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Mother remains hopeful a year after son's critical injury

By Bianca Montes
May 31, 2014 at 12:31 a.m.
Updated June 1, 2014 at 1:01 a.m.

Niko Ramirez fights to gain control of his body during a tough  three-hour session at the Warm Springs Specialty Hospital rehabilitation facility. Working with occupational and physical therapists, Niko's mother, Doriann Ramirez, participates in the therapy as well as daily care and transportation.

Niko Ramirez fights to gain control of his body during a tough three-hour session at the Warm Springs Specialty Hospital rehabilitation facility. Working with occupational and physical therapists, Niko's mother, Doriann Ramirez, participates in the therapy as well as daily care and transportation.

Frustration sweeps across Nicholas "Niko" Ramirez's face as an occupational therapist massages his hands.

She patiently tries to relieve them from a clenched grasp. Muscle spasms are a side effect from Ramirez's brain injury, and although he made vast improvements at a rehabilitation center in Houston last year, a recent setback has the 22-year-old back at square one.

"You're helping me today," she tells him, looking at his mother for encouragement. "He's not fighting me today."

Doriann Ramirez tells the therapist her son had a good night's sleep last night, something she worries about nightly after he started to seize a few months ago.

He looks tired - his long eyelashes flutter in a battle against sleep, and he fights to keep his head rested on the back of his chair. He's frustrated.

Ramirez crashed his motorcycle in May 2013. He was hanging out with friends after being away on an oil rig for several months. In front of him, a friend drove an all-terrain vehicle, and when he slowed, Ramirez didn't notice. Ramirez struck the back rear tire of the vehicle and flipped several times before landing in a ditch headfirst. He wasn't wearing a helmet. The investigation into the wreck revealed the handle bar of his motorcycle also struck the right side of his head during the accident.

Starting over

He can't speak.

He can't move.

He has no way to communicate with the world, as if he were trapped inside his own body.

"We sit here a lot and think about how difficult it must be for him; he's claustrophobic, and he gets frustrated when he can't do something," his mother said "And I think, 'How do I laugh and not feel guilty? How do I smile?'"

It was just last summer that her son was able to kick his leg, give her a thumbs-up and communicate yes or no answers visually using a color system. His momentum during a two-month stay at the rehabilitation and research center TIRR Memorial Hermann in Houston was so progressive that his doctors stopped predicting his outcome.

"But I wanted more," his mother said. "If he was kicking one leg, I wasn't happy. I wanted him to kick both legs. If he was giving a thumbs-up on the right hand, I wanted both hands.

"I wanted more, and I was so focused on the more that I forgot about the now."

Her son's progress was seized last August when complications arose after a surgery to replace part of his skull that was removed. Every step forward they had made was completely erased.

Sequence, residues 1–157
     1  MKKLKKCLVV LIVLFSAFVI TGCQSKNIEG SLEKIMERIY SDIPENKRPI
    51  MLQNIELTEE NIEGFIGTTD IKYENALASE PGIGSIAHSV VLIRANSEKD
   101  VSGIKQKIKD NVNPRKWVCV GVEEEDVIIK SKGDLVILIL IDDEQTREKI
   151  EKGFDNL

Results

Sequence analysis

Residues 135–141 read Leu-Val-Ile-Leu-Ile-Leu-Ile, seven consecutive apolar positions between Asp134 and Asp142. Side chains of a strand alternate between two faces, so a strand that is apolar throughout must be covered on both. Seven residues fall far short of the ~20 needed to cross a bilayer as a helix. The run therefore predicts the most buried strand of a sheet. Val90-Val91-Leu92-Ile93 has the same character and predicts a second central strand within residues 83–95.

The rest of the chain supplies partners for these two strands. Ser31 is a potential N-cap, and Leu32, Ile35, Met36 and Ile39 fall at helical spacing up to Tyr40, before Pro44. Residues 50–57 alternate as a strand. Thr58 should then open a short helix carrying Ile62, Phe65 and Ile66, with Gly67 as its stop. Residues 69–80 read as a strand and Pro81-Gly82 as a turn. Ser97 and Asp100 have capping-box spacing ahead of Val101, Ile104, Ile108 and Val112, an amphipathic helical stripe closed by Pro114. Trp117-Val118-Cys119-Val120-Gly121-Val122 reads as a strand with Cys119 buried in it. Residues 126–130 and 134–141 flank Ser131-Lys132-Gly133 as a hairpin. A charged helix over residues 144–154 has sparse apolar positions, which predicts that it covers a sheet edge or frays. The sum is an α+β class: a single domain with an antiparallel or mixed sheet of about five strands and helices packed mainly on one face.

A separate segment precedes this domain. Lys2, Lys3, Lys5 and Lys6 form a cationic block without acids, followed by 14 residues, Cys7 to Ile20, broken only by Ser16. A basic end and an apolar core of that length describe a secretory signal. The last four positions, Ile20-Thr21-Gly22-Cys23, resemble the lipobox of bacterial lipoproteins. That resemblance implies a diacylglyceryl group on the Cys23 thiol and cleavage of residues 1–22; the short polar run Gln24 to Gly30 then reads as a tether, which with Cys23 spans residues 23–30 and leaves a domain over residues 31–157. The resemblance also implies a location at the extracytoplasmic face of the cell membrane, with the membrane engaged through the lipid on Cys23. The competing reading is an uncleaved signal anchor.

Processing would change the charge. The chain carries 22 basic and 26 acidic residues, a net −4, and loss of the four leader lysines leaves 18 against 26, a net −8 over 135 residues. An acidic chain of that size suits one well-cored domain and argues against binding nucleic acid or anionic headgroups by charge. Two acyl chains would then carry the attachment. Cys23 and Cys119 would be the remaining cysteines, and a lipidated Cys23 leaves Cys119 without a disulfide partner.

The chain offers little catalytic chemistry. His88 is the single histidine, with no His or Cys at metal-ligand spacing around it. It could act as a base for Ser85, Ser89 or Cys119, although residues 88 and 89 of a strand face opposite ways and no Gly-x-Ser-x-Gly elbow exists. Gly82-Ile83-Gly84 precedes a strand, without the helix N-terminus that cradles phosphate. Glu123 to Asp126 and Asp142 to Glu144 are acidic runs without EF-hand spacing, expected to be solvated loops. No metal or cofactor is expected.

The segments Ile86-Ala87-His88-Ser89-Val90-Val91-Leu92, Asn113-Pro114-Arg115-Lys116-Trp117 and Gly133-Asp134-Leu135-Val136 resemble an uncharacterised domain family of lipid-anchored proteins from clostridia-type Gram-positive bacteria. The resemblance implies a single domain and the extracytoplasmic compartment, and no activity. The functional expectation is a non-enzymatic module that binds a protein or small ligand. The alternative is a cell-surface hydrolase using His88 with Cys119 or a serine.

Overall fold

"At this point, I'd take anything," she said.

Lessons learned

Ramirez is back in Victoria after being away at hospitals and rehabilitation centers for nine months. His goals at Warm Springs are similar to ones initially set when he arrived at Memorial Hermann last year: maintain an upright position, eye contact on command three out of five times and visually communicate yes-or-no answers using a colored-cone system.

While he is more aware because of several dives into an oxygen chamber, Doriann Ramirez said her son's motor and occupational skills are - by far - worse than ever.

Gena Irby, an occupational therapist assistant with Warm Springs Specialty Hospital in Victoria, continues to push Ramirez, despite his attempt to fall asleep during his therapy. She works a cone into his clenched hand, pulling his arm up in the air and telling him to pass it to his mother.

His hand drops.

She picks it back up.

"Give Mom the cone, Niko," she says again.

Doriann Ramirez still has faith in her son's recovery but also said she's learned to enjoy his small steps. Thinking back at his recovery time at TIRR, she relives the day he kicked his leg.

"He was probably jumping for joy inside," she said. "But I was just wishing he'd kicked both legs - I should have enjoyed the journey more, and I feel guilty. I should have enjoyed every moment of that."

One simple wish

Doriann Ramirez said she considers the possibility her son may never come out of his current state.

But she can't look at it like that, she said. "I'm no good to Niko when I'm sad and crying and unhappy. I'm good to him when I'm happy and motivated."

She said meeting other families with similar injuries has helped her outlook. As for the future, she wishes for one thing; for her son to be able to communicate yes or no.

"Are you in pain, Niko?

"Yes.

"Are you hungry?

"Yes.

"Niko, do you love me?

"Yes.

"Anything else I get beyond that is a bonus from God," she said.

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